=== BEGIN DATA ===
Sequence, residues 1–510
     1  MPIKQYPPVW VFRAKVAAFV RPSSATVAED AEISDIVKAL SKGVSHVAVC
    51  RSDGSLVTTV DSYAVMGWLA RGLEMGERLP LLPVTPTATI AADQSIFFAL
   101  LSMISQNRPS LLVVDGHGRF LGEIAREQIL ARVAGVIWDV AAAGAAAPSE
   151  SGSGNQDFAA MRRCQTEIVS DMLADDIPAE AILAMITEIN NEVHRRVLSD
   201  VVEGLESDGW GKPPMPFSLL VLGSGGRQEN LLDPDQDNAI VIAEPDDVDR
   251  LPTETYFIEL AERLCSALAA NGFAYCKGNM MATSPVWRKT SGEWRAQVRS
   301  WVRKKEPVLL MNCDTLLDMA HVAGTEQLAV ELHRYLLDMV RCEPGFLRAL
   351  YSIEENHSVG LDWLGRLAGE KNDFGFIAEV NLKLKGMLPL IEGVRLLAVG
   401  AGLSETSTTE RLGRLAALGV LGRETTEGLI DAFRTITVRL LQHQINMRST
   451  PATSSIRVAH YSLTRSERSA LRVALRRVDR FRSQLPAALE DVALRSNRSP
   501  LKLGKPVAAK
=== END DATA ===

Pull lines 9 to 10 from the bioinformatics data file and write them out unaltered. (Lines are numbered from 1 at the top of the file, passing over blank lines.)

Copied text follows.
   351  YSIEENHSVG LDWLGRLAGE KNDFGFIAEV NLKLKGMLPL IEGVRLLAVG
   401  AGLSETSTTE RLGRLAALGV LGRETTEGLI DAFRTITVRL LQHQINMRST